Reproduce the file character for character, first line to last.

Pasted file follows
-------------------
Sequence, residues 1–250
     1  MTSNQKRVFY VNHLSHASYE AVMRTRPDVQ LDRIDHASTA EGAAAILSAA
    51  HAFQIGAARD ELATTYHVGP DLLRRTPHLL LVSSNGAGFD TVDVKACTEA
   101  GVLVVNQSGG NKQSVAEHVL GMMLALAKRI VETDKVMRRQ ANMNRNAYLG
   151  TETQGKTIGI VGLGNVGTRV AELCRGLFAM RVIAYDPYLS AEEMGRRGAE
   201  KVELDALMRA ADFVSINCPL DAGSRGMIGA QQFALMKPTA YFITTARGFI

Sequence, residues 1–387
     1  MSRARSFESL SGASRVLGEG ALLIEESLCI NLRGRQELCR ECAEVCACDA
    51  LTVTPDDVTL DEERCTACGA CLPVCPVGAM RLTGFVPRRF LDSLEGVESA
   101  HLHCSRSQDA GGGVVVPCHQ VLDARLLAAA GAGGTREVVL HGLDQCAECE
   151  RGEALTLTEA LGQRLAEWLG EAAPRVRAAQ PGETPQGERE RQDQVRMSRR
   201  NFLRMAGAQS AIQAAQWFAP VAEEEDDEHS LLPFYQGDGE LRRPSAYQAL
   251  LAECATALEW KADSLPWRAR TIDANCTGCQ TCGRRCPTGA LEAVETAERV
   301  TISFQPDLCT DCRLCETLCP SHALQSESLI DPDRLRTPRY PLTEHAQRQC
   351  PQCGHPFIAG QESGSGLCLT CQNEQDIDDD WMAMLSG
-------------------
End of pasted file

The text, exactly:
Sequence, residues 1–250
     1  MTSNQKRVFY VNHLSHASYE AVMRTRPDVQ LDRIDHASTA EGAAAILSAA
    51  HAFQIGAARD ELATTYHVGP DLLRRTPHLL LVSSNGAGFD TVDVKACTEA
   101  GVLVVNQSGG NKQSVAEHVL GMMLALAKRI VETDKVMRRQ ANMNRNAYLG
   151  TETQGKTIGI VGLGNVGTRV AELCRGLFAM RVIAYDPYLS AEEMGRRGAE
   201  KVELDALMRA ADFVSINCPL DAGSRGMIGA QQFALMKPTA YFITTARGFI

Sequence, residues 1–387
     1  MSRARSFESL SGASRVLGEG ALLIEESLCI NLRGRQELCR ECAEVCACDA
    51  LTVTPDDVTL DEERCTACGA CLPVCPVGAM RLTGFVPRRF LDSLEGVESA
   101  HLHCSRSQDA GGGVVVPCHQ VLDARLLAAA GAGGTREVVL HGLDQCAECE
   151  RGEALTLTEA LGQRLAEWLG EAAPRVRAAQ PGETPQGERE RQDQVRMSRR
   201  NFLRMAGAQS AIQAAQWFAP VAEEEDDEHS LLPFYQGDGE LRRPSAYQAL
   251  LAECATALEW KADSLPWRAR TIDANCTGCQ TCGRRCPTGA LEAVETAERV
   301  TISFQPDLCT DCRLCETLCP SHALQSESLI DPDRLRTPRY PLTEHAQRQC
   351  PQCGHPFIAG QESGSGLCLT CQNEQDIDDD WMAMLSG